"Saint-Pierre smal part of France in North America" Top 5 Page for this destination Saint Pierre and Miquelon by AALEX
Saint Pierre and Miquelon Travel Guide: 66 reviews and 168 photos
SAINT-PIERRE and MIQUELON is a small part of France and has been since 1536 but is off the coast of Canada. You see the English did not steal these small rocks when they stold the rest of Canada from us French. But we get along very well after all it has been hundres of years and where else can the Canadians come to when they want a proper smoke.
Saint-Pierre is not only the name of the island, but it is also that of the largest town in the isles, tucked away between the sea and the hills. Whether you arrive by plane or by boat, it is Saint-Pierre that you will discover first. It is there, in the streets flanked by colourful houses, that you will find the "boutiques", the pastry shops and the restaurants that are the fame of the island.
Saint-Pierre, in the summertime, is a small but lively harbour town. Music bands and singer/writers are often booked in the city's bar, street performers entertain the passers-by and many summer activities play a part in giving the town its festive spirit.
The "Place du Général de Gaulle" on the waterfront, is the heart of the town. It is the unavoidable square to mingle and tap into the "ambiance". The "Zaspiak Bat" or basque playing wall, the "Pointe aux canons" lighthouse, the salt houses, the "Pointe du Diamant" and the last not least the "Arche" museum, are all must-see spots embodying the islands' identity.
Furthermore various guided tours allowing a better understanding of Saint-Pierre are available, like the Prohibition tour or the island bus tour.
Saint-Pierre is the old Grand Banks port for call, it has inherited from this era a great nostalgia and an even greater sense of hospitality.
Miquelon is the largest of our islands, it can be reached by plane or by boat, from Saint-Pierre, or by simply crossing the "Dune" from Langlade. Its village, located on a stretch of land to the north of the island, houses 700 people, mostly descendants of Acadiens and Basques. It has all the necessary facilities to make your stay enjoyable (hotels, restaurants, tourism agency...) and such sights as the "Notre Dame des Ardilliers" church wich pillars are made with masts of one of the wrecked ships and a small museum run by the "Miquelon patrimoine" organisation.
Nonetheless it is the diversity and the richness of the scenary that lend the island its fame.
The "Grand Barachois", to the south, is a protected laguna, the ideal home for the many bird species (Pintail duck, geen-winged duck...) to have settled there, as well as for seals, of wich an important colony (over 500) has taken up residence in the area.
Guided tours are available to explore the village and its secrets, to discover the "Grand Barachois", a key element in the area's ecosystem, and to cross the "Dune" between Langlade and Miquelon by bus.
The island is tied to Miquelon by a 12 km long sand bar. The two islands were once separated but the many shipwrecks that took place in between them allowed sand to gather and form the "Dune".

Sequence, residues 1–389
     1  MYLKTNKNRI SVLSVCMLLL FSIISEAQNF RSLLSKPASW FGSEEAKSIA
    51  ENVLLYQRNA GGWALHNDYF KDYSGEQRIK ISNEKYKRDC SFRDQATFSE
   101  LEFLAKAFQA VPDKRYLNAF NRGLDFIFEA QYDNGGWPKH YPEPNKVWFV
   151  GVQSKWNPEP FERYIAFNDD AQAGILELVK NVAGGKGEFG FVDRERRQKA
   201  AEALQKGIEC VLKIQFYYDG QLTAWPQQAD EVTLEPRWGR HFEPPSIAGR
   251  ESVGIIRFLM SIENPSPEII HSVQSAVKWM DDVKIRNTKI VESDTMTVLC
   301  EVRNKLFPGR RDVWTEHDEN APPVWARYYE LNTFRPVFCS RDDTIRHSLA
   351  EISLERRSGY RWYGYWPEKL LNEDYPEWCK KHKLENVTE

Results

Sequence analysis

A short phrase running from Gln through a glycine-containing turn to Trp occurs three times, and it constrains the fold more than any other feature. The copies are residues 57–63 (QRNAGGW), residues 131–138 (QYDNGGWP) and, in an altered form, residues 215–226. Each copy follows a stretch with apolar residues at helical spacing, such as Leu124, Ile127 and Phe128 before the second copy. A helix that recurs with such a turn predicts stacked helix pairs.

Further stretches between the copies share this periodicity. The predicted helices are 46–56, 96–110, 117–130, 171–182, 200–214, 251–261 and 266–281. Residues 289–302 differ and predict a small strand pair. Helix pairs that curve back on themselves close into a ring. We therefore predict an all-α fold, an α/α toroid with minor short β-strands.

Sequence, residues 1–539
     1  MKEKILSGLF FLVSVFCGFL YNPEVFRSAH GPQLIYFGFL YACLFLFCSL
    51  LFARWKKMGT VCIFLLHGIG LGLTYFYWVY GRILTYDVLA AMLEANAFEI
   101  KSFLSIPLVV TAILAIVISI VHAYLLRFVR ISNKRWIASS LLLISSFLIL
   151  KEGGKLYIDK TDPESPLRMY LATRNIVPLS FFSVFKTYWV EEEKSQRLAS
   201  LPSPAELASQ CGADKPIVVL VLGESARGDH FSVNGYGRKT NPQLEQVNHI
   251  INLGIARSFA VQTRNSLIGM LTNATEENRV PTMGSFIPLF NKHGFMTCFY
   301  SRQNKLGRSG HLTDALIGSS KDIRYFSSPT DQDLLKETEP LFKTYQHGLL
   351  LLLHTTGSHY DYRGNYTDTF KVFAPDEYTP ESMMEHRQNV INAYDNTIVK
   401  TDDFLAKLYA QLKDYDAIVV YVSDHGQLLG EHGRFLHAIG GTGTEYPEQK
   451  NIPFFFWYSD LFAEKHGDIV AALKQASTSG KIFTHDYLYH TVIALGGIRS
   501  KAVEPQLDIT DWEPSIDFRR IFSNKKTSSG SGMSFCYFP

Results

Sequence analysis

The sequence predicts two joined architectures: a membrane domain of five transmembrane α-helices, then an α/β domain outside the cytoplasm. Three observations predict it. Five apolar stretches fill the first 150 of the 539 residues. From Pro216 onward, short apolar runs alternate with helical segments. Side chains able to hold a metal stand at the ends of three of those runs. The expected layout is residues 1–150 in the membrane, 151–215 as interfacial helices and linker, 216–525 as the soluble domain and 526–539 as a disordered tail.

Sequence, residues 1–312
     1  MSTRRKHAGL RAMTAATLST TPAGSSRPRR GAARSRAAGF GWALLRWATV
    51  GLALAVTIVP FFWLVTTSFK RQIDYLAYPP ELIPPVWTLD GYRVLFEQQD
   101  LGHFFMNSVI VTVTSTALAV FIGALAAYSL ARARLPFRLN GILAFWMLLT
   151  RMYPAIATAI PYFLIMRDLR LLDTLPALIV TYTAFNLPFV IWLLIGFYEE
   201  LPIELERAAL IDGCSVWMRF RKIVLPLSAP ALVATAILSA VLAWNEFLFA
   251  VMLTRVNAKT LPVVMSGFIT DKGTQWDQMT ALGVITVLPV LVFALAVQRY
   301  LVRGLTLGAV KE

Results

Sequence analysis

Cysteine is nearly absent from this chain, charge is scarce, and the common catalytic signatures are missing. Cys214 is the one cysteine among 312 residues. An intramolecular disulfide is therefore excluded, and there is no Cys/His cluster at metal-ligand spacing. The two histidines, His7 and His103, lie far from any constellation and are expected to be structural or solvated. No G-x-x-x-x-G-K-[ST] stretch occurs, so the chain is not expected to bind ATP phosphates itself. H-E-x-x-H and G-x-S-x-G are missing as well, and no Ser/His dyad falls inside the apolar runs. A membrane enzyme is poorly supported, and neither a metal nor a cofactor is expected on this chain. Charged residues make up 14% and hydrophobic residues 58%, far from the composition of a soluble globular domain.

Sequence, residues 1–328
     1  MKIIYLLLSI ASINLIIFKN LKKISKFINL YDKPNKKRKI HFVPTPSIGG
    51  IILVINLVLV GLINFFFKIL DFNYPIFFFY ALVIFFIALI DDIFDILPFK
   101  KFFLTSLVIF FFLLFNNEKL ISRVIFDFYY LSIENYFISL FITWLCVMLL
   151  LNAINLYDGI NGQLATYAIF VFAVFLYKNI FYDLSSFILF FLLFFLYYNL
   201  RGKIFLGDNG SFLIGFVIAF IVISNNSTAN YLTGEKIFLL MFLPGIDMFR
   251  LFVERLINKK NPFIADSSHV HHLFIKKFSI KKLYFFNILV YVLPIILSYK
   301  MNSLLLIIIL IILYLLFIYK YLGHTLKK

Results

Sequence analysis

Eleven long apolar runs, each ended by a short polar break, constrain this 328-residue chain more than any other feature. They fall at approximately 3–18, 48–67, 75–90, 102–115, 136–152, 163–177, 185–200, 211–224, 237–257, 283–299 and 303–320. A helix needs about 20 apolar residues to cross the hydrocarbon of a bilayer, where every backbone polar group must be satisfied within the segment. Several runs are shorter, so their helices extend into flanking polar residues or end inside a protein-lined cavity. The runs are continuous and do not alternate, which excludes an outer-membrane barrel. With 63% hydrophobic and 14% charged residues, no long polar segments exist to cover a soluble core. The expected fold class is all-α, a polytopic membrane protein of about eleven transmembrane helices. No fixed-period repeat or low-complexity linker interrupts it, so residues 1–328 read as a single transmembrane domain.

Nowadays, one can watch the horses run freely on the dune, the artic sterns, the ring-billed gull, and see how local agriculture and farming is taking off (if given the chance, try some Langlade lamb and "foie gras").
Langlade is not inhabited all year long, its our holiday island where many "Saint-Pierrais" own summer homes and where other go camping in season. The "Anse du Gouvernement" village is the most used as it is there that the ferry from Saint-Pierre comes in and the road to Miquelon starts.
Langlade, like Miquelon, with which it shares a very close bond, is of special interest for nature-lovers. Camping, sight-seeing, berry-picking and angling are main components of any Langlade trip.
A "gîte d'étape" (hicking lodge) has been built, at Bebons brook, to allow everyone to enjoy these
Thanks to an effort of preservation and promotion of our heritage, closely tied in with the cod fishery, "The Island", which was once the home of a small community of fishermen, possesses today an indeniable interest for the locals as well as for our guests.
In the historic part of the island, the "Archipelitude" museum, Our Lady of Sailors church, the town hall and the "Jezequel House" are open to those who thirst for knowledge about life on the island at the turn of the century. To learn about the history of the isles and of the French colonies in North America it is recommended to follow the guided tour of Sailor's Island which will take to these many places of interest as well as the Stations of the Cross and the Grotto, on your way to the graveyard.
The "Archpelitude" museum houses a great many collections (pictures, artefacts, paintings...) around the themes such as the fishery, religion, shipwrecks, philately... all exposed in about fifteen rooms.
The impressive Our Lady of Sailors, a wooden church with an inverted hull-shape vault, is a poignant testimony of the faith of the locals, back when fishing was still the main activity.
The town hall has been converted into a small museum. The island, abandoned by its last inhibitants in 1963 currently depends upon the Commune of Saint-Pierre.
The "Jezequel House" contains a cafeteria with a bird's eye view of the port, perfect for watching the passing boats as you sip a nice, cool drink. You can also visit its salt house and sail workshop.
Furthermore, the playground offers a great recreational facility for kids, pick-nick grounds and the possibility of playing "petanque", mini-golf as well as practising your archery skills.
Express boat -- Open year round Reach St-Pierre in 1 hour and 10 minutes. Daily departures in season from Fortune... more travel advice
24 rooms with private bath Some rooms are equiped with an Internet connection Located in town Open year... more travel advice
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